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August 6, 2007 | Jude Webber, Financial Times
Placido Osuna points to a crudely stitched scar on his belly and thanks God for the little green herb that his sons encouraged him to grow instead of tobacco and cotton. "Stevia saved my life," says the 68-year-old farmer, dressed in flip-flops and an open shirt, with a machete tucked into his belt.
October 15, 1985 | Associated Press
The richest of the rich in America is worth $2.8 billion, while the poorest of the rich checks in at a mere $150 million. But who's counting? Forbes magazine, that's who, and its 1985 list of the nation's 400 richest people is topped by Sam Moore Walton of Bentonville, Ark., who has made $2.8 billion through his Wal-Mart discount stores. Walton, who danced a hula on Wall Street last year when profit goals were met, replaced Gordon Getty, the front-runner for the past two years.
September 12, 2011 | By Hugo Martín, Los Angeles Times
The Minnesota food company that recalled 36 million pounds of ground turkey last month linked to a salmonella outbreak is pulling an additional 185,000 pounds of turkey for the same reason. The voluntary recall, announced Sunday by Cargill Inc., comes in the wake of one of the largest meat recalls in U.S. history: As of mid-August, health officials had linked a strain of salmonella found in contaminated turkey products to 111 people falling ill in 31 states and at least one death in California.
March 5, 2009 | Mery Mogollon and Chris Kraul
Amid deepening shortages of food and household supplies, President Hugo Chavez on Wednesday ordered the seizure of a Venezuelan unit of U.S. agriculture giant Cargill, the latest in a series of takeovers of foreign-owned companies. In a speech during a ministers' council meeting broadcast over state-run television, Chavez also threatened to seize control of privately owned Polar, the country's largest food conglomerate and brewer.
September 21, 2012 | By Frederick Kaufman
The drought that descended on the United States this summer will translate into higher prices for breakfast, lunch and dinner. The inevitability of this scenario introduces an old question that has become new: When weather strikes, what can curb food inflation? Recent suggestions cover a wide range of complicated approaches, from GPS-guided drip irrigation techniques to genetically engineered crops and from new federal biofuel standards to new farm insurance programs to new commodity-markets regulations.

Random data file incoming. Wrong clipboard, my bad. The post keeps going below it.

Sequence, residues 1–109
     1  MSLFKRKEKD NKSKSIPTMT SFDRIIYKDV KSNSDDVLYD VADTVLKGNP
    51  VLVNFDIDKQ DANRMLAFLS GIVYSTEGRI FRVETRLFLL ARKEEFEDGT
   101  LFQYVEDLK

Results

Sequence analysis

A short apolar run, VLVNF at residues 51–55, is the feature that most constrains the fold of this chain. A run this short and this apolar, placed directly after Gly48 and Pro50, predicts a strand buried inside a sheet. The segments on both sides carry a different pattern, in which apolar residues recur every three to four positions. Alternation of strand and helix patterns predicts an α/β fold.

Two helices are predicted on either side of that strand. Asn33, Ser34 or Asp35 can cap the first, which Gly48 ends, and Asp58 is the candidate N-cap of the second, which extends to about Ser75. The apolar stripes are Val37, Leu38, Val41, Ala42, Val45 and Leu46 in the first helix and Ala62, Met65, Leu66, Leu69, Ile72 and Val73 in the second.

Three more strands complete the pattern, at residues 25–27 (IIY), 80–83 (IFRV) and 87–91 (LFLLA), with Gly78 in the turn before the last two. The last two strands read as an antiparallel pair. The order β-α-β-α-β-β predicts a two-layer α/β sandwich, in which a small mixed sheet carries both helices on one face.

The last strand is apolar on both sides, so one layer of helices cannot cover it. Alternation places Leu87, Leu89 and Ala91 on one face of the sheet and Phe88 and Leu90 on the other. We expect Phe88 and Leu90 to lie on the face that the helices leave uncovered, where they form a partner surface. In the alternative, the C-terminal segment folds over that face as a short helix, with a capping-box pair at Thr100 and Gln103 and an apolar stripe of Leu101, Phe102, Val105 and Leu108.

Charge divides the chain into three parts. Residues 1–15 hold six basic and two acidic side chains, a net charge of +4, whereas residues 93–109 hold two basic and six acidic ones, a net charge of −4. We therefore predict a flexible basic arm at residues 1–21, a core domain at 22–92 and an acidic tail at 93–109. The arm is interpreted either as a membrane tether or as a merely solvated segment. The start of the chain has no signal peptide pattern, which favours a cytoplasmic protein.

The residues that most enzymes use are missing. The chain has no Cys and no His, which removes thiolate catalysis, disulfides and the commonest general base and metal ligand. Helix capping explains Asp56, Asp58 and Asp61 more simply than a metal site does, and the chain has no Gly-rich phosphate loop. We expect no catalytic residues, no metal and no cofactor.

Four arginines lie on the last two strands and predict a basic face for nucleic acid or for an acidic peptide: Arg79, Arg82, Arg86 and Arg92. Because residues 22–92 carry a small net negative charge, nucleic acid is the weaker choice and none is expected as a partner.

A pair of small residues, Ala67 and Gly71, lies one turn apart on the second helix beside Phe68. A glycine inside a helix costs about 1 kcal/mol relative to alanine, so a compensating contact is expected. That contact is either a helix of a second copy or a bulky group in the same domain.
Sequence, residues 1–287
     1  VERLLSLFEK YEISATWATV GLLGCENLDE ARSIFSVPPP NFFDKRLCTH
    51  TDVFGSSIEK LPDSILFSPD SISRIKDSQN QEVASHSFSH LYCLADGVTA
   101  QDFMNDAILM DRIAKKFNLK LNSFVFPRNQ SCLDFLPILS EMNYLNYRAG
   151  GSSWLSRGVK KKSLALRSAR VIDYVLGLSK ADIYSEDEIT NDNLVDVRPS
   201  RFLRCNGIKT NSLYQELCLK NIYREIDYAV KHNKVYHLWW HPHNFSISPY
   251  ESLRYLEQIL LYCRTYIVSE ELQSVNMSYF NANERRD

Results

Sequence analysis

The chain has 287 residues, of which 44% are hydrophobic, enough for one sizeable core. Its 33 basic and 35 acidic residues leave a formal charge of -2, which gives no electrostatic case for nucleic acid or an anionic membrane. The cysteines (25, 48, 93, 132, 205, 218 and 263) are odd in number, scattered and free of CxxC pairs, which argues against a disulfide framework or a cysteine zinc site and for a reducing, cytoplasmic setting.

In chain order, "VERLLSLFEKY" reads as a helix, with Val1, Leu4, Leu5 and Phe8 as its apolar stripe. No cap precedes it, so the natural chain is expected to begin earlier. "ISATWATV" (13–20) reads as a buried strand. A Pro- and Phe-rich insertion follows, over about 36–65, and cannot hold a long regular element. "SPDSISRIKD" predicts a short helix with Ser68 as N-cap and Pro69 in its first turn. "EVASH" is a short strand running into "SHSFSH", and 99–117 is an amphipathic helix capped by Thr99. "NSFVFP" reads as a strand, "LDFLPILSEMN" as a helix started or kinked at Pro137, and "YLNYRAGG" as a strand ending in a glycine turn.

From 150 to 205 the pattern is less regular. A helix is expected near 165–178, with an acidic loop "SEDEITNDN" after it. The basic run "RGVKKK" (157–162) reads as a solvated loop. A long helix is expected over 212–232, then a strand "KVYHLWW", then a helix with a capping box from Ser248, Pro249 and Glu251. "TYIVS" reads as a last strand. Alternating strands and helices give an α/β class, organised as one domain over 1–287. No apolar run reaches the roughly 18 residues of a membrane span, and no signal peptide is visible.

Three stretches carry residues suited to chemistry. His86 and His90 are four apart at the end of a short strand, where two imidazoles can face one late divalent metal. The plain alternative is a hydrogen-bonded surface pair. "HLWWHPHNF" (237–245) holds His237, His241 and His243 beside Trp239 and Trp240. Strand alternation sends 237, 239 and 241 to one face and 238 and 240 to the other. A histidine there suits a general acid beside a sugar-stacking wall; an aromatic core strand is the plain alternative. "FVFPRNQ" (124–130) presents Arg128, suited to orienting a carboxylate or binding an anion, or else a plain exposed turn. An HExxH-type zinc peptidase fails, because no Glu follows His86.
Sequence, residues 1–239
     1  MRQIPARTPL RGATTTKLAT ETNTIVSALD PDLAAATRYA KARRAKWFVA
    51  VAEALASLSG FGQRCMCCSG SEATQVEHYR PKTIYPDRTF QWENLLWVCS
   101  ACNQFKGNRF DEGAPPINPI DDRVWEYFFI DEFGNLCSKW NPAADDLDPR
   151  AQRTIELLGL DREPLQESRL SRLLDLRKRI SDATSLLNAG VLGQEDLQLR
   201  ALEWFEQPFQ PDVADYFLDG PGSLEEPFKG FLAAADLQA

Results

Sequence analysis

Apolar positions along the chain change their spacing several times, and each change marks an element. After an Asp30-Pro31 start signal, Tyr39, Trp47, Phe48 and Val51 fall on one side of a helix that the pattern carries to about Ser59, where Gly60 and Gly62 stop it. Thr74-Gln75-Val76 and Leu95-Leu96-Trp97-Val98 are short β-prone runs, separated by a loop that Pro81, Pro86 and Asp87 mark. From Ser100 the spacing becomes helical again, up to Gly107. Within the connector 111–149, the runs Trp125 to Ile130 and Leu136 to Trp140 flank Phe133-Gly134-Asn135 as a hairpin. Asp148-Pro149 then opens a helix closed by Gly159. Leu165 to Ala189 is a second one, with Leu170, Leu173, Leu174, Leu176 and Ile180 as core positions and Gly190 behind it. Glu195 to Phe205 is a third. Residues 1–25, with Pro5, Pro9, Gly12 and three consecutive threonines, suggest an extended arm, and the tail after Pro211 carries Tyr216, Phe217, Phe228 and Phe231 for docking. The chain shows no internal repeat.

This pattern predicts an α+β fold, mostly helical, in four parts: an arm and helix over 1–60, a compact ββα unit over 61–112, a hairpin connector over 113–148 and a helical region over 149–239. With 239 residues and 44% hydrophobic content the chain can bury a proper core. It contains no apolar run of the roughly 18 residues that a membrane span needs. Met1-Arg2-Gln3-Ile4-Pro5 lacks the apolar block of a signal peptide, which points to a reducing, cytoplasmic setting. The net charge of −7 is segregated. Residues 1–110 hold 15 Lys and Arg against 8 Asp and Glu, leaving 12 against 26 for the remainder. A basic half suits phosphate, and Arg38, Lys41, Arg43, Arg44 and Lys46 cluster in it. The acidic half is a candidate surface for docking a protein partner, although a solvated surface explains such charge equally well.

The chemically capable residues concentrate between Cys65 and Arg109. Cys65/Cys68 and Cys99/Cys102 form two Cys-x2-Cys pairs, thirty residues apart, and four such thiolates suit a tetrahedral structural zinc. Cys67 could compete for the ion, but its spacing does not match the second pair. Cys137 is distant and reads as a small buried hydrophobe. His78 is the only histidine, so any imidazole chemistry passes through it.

October 13, 1987 | Associated Press
Here is the Forbes magazine 1987 list of the 400 richest Americans in descending order of wealth, showing estimated fortune in millions, residence, source of wealth, age and industry. The industry codes are: MF, manufacturing; R, retail; M, media; T, high technology; AG, agriculture; OG, oil and gas; F, financial operations; RE, real estate; EC, engineering and construction; S, services. 1--Walton, Sam Moore, $8,500, Bentonville, Ark.
March 25, 2007 | From Times Wire Reports
Authorities shut down an important deep-water Amazon River port owned by Minnesota-based Cargill Inc., saying the U.S. agribusiness firm failed to provide an environmental impact statement required by law. The move by federal police and environmental agents to close Cargill's controversial soy export terminal was a major victory for environmentalists in Santarem, a jungle city about 1,250 miles northwest of Sao Paulo.
June 6, 1997 | (Associated Press)
Despite severe food shortages and months of negotiations, North Korea backed out of a rare deal to buy wheat from the U.S. in exchange for zinc. As the grain was about to be delivered by freighter last week, North Korea's Communist government told Cargill Inc. it would not follow through on a deal to trade 4,400 tons of zinc for 20,000 tons of wheat, according to Cargill spokeswoman Lori Johnson. She said the wheat was sold to another customer.
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